IT priorities for 2016: Control, contain and protect
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Survey finds BI, analytics to be top software priorities
TechTarget's 2016 IT Priorities Survey shows that BI implementation, analytics and data warehouse software are top priorities for IT leaders. Read Now
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Data security and HIPAA compliance emerged as top priorities in TechTarget's survey of 2016 health IT purchasing intentions. Cloud and mobility, meanwhile, are growing quickly. Read Now
In IT no goals or strategies are set in stone -- they change with each new innovation and enterprise market shift. In TechTarget's 2016 Information Technology Priorities Survey, professionals in the IT field shared their top projects, prospects and concerns for this year -- broaching the topics of tech spending; projected budgets; and shifting analytics, security and software priorities.
The survey was conducted in late 2015, with 385 IT professionals in a wide range of industries surveyed in North America. The majority of respondents list their titles as directors/senior IT managers, IT staff, midlevel managers, and engineers/programmers/designers. Respondents are employed at organizations with an average size of about 17,600 employees.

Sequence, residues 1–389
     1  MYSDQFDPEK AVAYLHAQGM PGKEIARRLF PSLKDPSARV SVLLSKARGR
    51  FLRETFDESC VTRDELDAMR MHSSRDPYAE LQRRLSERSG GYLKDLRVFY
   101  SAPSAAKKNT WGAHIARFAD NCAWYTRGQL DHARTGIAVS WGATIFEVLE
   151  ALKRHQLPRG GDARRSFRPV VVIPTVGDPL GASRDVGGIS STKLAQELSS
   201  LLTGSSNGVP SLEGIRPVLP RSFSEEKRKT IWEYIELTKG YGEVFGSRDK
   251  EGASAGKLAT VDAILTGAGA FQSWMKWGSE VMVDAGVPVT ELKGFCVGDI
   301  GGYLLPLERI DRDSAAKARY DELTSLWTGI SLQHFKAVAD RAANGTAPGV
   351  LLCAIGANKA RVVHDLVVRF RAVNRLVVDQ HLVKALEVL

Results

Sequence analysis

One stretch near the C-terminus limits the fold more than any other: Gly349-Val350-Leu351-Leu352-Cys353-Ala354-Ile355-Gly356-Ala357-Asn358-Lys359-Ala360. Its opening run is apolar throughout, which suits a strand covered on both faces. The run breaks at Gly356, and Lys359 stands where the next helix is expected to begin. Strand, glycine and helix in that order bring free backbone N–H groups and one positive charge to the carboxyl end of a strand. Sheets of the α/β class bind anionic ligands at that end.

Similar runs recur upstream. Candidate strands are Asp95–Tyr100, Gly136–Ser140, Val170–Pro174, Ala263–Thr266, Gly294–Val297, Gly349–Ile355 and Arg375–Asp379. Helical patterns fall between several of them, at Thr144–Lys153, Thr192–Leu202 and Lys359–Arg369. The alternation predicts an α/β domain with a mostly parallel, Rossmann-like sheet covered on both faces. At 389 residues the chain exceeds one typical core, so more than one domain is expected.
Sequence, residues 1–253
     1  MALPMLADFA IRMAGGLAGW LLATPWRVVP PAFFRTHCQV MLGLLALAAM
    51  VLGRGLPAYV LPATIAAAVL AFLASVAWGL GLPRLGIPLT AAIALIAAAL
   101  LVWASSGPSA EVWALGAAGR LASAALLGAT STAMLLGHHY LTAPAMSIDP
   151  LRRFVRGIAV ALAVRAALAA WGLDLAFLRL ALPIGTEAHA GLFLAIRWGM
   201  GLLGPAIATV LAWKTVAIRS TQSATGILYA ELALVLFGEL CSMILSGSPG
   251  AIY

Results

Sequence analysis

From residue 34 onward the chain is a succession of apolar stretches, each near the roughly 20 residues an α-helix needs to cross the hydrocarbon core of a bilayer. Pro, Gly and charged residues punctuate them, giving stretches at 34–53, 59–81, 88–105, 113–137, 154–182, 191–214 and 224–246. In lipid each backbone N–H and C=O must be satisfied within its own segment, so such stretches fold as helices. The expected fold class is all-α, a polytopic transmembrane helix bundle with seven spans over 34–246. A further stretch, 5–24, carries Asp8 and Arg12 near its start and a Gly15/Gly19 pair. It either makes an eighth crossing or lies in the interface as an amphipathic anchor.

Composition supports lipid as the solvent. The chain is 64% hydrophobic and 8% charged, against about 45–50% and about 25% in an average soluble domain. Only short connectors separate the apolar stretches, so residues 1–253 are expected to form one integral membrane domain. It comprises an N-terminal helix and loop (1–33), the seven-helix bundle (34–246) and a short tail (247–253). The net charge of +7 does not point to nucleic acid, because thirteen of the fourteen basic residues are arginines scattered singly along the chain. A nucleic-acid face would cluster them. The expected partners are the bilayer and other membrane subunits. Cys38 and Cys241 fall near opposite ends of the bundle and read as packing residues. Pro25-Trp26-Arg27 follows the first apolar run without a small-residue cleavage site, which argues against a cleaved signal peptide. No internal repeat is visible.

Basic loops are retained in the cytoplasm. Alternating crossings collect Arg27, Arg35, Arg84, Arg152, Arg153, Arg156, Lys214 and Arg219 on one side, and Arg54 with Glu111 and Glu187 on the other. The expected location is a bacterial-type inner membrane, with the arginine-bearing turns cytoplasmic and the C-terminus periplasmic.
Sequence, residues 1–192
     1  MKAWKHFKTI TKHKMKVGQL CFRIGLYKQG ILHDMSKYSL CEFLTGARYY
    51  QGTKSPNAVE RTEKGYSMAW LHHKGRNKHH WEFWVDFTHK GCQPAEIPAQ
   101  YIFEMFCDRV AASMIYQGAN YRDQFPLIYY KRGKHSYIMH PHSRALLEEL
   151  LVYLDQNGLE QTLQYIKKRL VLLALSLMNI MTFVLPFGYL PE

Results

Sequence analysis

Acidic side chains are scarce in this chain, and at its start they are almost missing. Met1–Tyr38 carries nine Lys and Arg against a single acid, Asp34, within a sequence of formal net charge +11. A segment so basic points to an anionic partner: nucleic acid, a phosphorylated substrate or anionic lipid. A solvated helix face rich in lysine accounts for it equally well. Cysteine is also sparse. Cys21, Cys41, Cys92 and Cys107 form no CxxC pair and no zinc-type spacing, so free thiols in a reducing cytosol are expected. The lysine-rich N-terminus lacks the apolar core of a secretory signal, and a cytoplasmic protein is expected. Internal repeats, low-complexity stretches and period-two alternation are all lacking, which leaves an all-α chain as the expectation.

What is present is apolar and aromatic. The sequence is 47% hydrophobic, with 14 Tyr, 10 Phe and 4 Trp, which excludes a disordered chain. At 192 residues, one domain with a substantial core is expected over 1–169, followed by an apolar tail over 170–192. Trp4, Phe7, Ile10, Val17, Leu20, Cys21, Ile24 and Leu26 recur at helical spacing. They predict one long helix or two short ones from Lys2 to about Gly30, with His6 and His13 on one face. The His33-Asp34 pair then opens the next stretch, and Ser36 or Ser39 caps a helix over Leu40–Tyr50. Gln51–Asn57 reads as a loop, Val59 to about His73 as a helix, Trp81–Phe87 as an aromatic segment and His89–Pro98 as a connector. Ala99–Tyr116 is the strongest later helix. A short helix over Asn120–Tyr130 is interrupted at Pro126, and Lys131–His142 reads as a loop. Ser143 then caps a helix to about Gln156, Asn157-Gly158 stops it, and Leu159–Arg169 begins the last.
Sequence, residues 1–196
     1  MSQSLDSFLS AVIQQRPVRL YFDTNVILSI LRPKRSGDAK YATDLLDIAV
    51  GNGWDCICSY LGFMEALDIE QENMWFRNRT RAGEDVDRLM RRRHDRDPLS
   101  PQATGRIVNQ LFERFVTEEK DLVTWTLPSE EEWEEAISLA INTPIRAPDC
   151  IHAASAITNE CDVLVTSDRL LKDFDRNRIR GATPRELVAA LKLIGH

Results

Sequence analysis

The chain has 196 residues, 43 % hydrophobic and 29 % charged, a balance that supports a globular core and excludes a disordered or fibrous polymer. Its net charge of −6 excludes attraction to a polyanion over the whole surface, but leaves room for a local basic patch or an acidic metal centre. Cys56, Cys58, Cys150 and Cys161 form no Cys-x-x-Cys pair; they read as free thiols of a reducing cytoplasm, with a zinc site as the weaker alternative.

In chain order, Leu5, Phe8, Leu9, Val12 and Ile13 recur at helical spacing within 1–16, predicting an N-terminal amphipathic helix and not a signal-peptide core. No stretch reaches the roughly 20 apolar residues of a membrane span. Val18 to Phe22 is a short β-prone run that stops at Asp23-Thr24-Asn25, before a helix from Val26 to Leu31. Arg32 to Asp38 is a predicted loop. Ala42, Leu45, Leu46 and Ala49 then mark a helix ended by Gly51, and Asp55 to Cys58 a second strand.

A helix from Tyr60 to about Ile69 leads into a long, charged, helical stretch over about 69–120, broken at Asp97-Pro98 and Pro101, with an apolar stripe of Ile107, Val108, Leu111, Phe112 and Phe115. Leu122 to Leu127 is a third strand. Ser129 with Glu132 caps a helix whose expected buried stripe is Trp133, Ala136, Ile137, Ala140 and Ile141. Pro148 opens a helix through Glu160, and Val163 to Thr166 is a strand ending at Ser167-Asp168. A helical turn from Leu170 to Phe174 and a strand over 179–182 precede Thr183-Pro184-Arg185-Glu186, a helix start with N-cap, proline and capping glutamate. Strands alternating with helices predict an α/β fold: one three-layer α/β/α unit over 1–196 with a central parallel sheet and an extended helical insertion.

In this Essential Guide, explore the results of TechTarget's 2016 technology priorities survey, learn what projects and initiatives top IT professionals' to-do lists this year, and follow the latest IT budget and spending expectations. Then get a snapshot of the IT priorities and expectations of yesteryear by exploring previous years' findings, going all the way back to 2010. See how they compare to this year's results.
1Increased cloud focus, budgets
One of the fastest-growing technology priorities has been cloud computing, so it's not surprising that budgets for cloud services continued to grow in 2015. But cloud services were not the only IT areas that were expected to expand in 2015 -- software and hardware also saw some increased attention in our survey. Find out more in this article.
2Bad year for budgets
The mantra of 2010 was "doing more for less," as IT budgets were expected to drop 2.7% in North America that year, according to our survey. Security, however, remained an important IT spending point.